The West Virginia Council of International Programs (CIP)a community based non-profit group that hosts a group of international professionals each fallis marking the organizations 32nd year in Monongalia County by naming a new coordinator and moving into a new home at West Virginia University.
Two-time U.S. Fulbright Scholar Linda Yoder of Morgantown, a former CIP vice president, assumes charge of the community-based program.
New officers were also elected. They are: President, John Pearson, retired professor of community medicine; Vice-President, Sandra Dixon, assistant professor of Spanish/Portuguese, WVU Department of Foreign Languages; Secretary, Jamie Jacobs, assistant professor of political science, WVU Department of Political Science, and Treasurer, Ann C. Sauvageot, retired WVU assistant professor, developmental disability programs.
This year WV-CIP will be housed under the auspices of the Office of International Programs (OIP) at WVU . The OIP administers Study Abroad programs and international linkage programs with 60 universities around the world, and coordinates programs for international professional development.
George M. Lies, who manages international programs at WVU , will serve as program manager for WV-CIP. The OIP director is Dr. Daniel Weiner.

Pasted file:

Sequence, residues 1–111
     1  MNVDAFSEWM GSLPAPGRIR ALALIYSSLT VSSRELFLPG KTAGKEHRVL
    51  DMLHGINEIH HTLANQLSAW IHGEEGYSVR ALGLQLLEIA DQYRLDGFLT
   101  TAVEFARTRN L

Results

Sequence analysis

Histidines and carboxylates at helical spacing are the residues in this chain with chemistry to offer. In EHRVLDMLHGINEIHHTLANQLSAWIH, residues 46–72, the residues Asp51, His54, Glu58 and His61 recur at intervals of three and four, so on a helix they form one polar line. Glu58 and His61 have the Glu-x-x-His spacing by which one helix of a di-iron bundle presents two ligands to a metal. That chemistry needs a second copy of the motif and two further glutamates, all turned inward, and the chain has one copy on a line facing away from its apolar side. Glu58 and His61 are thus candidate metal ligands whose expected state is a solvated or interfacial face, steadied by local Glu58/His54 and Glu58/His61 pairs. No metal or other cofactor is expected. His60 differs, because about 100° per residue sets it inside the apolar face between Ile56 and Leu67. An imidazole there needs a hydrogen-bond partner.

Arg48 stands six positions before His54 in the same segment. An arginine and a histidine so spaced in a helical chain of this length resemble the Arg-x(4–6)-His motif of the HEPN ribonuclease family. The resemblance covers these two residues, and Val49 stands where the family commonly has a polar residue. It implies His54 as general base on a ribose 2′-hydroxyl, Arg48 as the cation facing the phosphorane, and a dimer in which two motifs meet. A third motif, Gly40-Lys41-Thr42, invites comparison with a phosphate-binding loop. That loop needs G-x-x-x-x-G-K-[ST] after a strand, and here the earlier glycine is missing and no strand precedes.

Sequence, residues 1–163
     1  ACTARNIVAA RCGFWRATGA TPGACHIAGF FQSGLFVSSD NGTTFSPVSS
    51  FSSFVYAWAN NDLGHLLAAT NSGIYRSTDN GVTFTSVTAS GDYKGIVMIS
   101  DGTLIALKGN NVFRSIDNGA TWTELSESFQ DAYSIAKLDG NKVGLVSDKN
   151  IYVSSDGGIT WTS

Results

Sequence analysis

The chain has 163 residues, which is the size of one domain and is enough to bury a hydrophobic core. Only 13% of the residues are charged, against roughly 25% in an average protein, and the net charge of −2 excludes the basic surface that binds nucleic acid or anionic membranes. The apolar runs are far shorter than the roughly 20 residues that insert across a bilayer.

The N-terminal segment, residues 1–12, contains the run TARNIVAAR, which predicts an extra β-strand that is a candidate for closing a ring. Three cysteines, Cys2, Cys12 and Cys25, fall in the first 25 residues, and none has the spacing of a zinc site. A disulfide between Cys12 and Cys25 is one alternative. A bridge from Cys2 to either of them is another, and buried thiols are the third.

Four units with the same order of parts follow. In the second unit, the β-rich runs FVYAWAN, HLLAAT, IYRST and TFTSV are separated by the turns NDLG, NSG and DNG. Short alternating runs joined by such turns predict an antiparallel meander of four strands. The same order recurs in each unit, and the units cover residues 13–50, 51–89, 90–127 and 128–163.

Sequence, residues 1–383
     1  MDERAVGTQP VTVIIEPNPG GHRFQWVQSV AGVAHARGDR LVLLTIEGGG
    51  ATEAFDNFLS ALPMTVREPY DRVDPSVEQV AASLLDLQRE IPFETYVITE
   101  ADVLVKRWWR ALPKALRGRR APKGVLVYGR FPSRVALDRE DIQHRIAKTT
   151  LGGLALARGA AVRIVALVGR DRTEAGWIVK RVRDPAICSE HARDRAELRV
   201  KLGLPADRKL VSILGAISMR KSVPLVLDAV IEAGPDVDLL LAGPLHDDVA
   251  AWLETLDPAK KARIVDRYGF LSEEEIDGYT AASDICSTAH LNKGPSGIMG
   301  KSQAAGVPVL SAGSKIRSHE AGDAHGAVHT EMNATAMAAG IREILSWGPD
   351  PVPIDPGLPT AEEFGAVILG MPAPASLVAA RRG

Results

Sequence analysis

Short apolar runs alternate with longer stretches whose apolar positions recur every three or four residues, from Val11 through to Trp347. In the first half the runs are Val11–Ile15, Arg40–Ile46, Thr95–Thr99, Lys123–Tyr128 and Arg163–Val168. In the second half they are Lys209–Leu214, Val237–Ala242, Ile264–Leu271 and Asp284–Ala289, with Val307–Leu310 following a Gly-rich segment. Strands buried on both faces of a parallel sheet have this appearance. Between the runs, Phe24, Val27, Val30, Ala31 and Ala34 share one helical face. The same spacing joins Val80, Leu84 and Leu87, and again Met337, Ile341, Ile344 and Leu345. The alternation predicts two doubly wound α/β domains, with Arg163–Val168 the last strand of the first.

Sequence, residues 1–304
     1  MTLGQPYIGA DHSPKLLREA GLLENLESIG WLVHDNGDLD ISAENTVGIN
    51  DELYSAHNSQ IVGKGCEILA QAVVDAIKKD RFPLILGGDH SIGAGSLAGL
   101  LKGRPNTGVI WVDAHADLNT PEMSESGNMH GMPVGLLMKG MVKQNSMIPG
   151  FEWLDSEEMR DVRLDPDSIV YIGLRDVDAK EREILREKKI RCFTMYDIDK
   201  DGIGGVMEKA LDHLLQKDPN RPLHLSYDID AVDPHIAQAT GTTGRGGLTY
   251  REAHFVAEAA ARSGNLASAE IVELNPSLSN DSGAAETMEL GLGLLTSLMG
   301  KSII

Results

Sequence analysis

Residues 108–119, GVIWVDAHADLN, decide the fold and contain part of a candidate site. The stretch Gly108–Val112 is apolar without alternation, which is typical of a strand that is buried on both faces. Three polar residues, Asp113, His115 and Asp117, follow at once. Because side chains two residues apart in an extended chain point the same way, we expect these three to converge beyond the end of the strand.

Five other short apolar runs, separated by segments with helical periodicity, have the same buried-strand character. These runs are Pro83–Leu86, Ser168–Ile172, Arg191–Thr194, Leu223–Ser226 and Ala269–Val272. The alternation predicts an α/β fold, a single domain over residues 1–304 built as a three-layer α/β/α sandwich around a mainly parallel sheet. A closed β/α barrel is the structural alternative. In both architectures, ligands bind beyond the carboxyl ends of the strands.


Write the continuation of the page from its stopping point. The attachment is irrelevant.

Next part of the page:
While WVU continues to provide a home for the organization, the WV-CIP is registered as a 501�.3 non-profit organization. Its governing board consists of approximately 30 local individuals who volunteer time, serve on various committees from recruitment of participants to fund-raising, and work closely with community, business and university groups.
Since the 1970s, the WV-CIP has provided fellowships for 288 mid-career professionals from around the world. The program offers a four-month fellowship for each participant, including a temporary training placement with a local agency, such as a local business, health organization, public school or university department.
The national CIP arose from American citizen exchanges with Europe after World War II. Later CIP created training exchanges with Africa, Asia, the Near East and Latin America.
“As social, political and technological change has accelerated,”said Pearson,”the global workplace creates new needs and new opportunities for professional development. And the WV-CIP program is tailored to meet the demands of todays global realities.”
For many years, the WV-CIP program was in the WVU Center for Extension and Extension Specialist Rich Fleisher served as the longtime director. For the past three years, CIP operated out of the WVU Department of Foreign Languages, with Janice Spleth as director. The CIP national office is in Cleveland, Ohio.
For more information on becoming a part of the WV-CIP volunteer network, contact Linda K. Yoder by e-mailing email@example.com , or call the WVU Office of International Programs, 304-293-6955 Ext. 8 or visit the CIP web page at http://www.wvu.edu/~intlprog/CIP/cip.htm .